Honey & Milk for Colds in Children

When your child has a cold, you might be able to use honey to alleviate some of her symptoms, such as a cough or a sore throat. Giving your child milk while she is sick won't increase her phlegm production, but it may thicken the phlegm her body is already producing. Keep in mind, however, that drinking milk will help keep your child hydrated, which can help her body recover from a cold more quickly.

Bowls of milk and honey on wood. (Image: Zoonar/O.Kovach/Zoonar/Getty Images)

Honey Benefits

According to MayoClinic.com, giving your child honey when she has a cough can be just as effective at reducing her cough as a typical dose of over-the-counter cough syrup. Giving your child honey when she is sick can also help soothe her sore throat, helping her to sleep better so that her body can more readily combat her illness.

Honey Considerations

The American Academy of Pediatrics warns not to give honey to any children under the age of 1. For a child older than that, offer between 1/2 and 1 teaspoon of honey to reduce her coughing symptoms while she has a cold, especially if the cough is keeping her from sleeping. If your child is coughing during the day and the cough is not bothering her, refrain from giving her honey or cough syrup so that her body can naturally clear the mucous from her lungs.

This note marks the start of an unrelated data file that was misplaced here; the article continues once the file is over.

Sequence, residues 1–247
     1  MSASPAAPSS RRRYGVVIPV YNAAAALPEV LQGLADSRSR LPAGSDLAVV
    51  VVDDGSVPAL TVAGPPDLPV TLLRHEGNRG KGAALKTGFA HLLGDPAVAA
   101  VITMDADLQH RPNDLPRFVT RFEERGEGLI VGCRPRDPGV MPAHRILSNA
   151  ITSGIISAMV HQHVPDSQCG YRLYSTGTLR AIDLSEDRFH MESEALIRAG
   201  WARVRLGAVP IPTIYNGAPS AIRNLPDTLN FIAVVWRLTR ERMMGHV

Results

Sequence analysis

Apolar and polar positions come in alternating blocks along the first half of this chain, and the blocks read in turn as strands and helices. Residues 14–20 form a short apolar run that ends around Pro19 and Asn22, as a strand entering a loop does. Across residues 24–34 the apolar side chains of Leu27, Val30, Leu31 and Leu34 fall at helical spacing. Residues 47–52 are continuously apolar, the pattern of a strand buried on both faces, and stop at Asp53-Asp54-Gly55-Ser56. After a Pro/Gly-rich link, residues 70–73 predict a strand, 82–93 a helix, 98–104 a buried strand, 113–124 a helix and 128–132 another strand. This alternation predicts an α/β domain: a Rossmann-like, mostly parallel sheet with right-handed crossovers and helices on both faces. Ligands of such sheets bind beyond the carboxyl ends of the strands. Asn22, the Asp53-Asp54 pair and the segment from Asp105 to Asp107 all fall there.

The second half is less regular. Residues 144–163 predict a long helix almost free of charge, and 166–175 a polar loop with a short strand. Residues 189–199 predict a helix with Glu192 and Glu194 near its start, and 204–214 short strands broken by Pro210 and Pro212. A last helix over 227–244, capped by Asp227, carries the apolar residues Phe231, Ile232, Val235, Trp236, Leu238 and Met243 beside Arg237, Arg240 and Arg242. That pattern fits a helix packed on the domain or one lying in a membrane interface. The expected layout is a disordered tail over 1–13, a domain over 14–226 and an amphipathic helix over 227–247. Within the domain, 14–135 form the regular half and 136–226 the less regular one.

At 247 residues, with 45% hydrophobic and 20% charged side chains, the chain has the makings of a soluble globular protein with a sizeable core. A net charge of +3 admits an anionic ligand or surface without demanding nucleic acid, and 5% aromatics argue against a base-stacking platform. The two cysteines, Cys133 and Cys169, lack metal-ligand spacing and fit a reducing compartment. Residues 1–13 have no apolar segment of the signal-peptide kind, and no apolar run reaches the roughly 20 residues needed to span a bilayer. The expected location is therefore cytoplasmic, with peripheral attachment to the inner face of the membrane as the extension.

Milk Misconceptions

Some medical practitioners once believed that giving a child milk while she was suffering from a cold could increase phlegm production. Research has not proven that, though. However, milk may make the phlegm your child's body is already producing thicker, which could irritate her throat. If the thickness of your child's phlegm is bothersome, consider cutting back on her milk intake while she has a cold.

Milk Benefits

Keeping your child hydrated while she has a cold can help her body stay healthy and fight off the virus. Offer your child ample liquids when she has a cold, including milk, if she is not bothered by excessive or thick phlegm. If milk causes her phlegm to thicken and irritate her throat, switch to water or juice instead. Milk has the added benefit of providing other nutrients, such as vitamin D, zinc, calcium and protein, which can help replace nutrition your child may miss out on while she's sick, if her cold reduces her appetite.

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